Navy Surgeon General discusses advances in TBI treatments
By U.S. Navy Bureau of Medicine and Surgery Public Affairs
SAN FRANCISCO, Calif. - The top medical officer for the U.S. Navy and Marine Corps discussed military medical research advancements in the areas of traumatic brain injury and post traumatic stress at the 8th Annual World Congress on Brain, Spinal Cord Mapping & Image Guided Therapy, June 8.
The annual medical conference is a multi-disciplinary forum designed to facilitate cross-disciplinary sharing of technological and medical advances and scientific discovery.
During his keynote address, Navy Surgeon General Vice Adm. Adam M. Robinson Jr, stated that military medical advancements coupled with enhanced medical training and trauma experience during ten years of war have led to a 97 percent survival rate for coalition casualties; the lowest mortality rate amongst trauma victims coming out of any war in history.
"When Sailors and Marines in the fight are hurt, we apply all of our training and resources to provide rapid evacuation and care, and this is done in partnership with our sister services," said Robinson. "If a warrior can arrive with life in him or her, there is a good chance we can keep them alive. This is a huge advancement since the days of Vietnam and even Desert Storm."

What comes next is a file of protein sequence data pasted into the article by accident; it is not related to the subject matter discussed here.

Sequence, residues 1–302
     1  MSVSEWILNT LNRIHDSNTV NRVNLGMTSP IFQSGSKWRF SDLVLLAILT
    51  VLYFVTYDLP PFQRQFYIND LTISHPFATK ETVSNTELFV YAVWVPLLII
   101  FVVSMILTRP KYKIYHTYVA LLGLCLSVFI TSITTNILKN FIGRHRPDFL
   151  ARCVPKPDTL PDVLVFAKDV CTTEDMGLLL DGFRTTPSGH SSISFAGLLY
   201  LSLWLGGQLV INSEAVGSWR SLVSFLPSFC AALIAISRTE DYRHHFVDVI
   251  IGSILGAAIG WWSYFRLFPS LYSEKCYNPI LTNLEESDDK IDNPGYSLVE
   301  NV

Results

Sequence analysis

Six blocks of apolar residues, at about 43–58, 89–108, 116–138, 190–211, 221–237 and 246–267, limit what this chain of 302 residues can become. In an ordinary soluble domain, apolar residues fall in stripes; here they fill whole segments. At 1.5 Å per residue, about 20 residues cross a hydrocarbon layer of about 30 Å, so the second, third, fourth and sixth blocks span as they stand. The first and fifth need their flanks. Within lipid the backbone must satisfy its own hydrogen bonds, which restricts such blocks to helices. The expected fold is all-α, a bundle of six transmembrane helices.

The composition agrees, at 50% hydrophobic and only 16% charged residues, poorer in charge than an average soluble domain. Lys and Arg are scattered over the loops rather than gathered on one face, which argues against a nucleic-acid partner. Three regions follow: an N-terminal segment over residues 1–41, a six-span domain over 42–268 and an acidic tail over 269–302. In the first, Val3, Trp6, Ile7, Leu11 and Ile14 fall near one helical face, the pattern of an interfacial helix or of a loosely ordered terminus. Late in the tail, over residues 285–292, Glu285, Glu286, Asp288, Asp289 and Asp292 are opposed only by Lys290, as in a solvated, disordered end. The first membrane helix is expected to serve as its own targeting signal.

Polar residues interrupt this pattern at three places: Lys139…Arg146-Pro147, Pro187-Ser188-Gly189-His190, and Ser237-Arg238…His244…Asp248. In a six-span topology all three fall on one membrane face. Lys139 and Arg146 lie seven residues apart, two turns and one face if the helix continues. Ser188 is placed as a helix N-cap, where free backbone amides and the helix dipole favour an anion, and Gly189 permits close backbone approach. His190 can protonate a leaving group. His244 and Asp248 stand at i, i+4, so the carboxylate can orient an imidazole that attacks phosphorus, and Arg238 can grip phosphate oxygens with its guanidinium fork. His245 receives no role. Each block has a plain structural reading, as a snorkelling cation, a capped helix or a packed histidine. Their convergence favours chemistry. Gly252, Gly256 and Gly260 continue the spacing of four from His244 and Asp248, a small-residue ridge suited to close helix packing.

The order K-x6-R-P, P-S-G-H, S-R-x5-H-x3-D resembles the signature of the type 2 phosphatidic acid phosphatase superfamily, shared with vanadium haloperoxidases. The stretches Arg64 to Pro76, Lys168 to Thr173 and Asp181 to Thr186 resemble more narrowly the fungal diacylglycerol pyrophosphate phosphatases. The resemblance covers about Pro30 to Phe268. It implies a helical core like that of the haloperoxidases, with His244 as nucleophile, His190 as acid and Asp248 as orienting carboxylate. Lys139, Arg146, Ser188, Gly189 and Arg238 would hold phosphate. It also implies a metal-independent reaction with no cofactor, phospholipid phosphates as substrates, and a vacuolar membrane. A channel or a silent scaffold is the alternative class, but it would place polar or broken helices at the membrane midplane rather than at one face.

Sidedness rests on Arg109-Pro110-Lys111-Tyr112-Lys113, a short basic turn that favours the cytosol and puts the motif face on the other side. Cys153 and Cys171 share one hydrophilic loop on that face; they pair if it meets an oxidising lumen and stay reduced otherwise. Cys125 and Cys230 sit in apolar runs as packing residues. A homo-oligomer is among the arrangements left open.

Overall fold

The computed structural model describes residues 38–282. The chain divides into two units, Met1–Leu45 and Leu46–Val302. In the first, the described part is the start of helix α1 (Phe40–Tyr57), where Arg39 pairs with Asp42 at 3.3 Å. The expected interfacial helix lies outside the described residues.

Due to the nature of wounds in Iraq and Afghanistan, Robinson made traumatic brain injury and psychological health treatment his top research priority to best support both operational forces and home-based families during his tenure as Navy Surgeon General and Chief of the Navy Bureau of Medicine and Surgery.
"Our focused research has yielded tremendous results in combat casualty care in mild to severe TBI and post traumatic stress, as well as areas like wound management, wound repair and reconstruction, extremity and internal hemorrhage control and phantom limb pain in amputees," said Robinson.
Robinson told the audience that a key element of healing wounded warriors in body, mind, and spirit starts with care near the point of injury such as the Navy's Concussion Restoration Care Center located at Camp Leatherneck in Kandahar, Afghanistan, the first of its kind facility that brings concussion specialists to the front lines.
Since opening, the center has seen hundreds of personnel and the Navy has since expanded its capability to include first ever Navy neurologist assigned to Kandahar to help support this mission.
"Many of our wounded warriors are walking, talking, and leading productive lives today because of the research and medical advancements we have worked on together, and because of our transition/reintegration and resiliency programs we have created for them and their families," said Robinson. "The world class care we provide today is a direct result of the razor sharp focus we have placed on translational research advancements for our wounded warriors."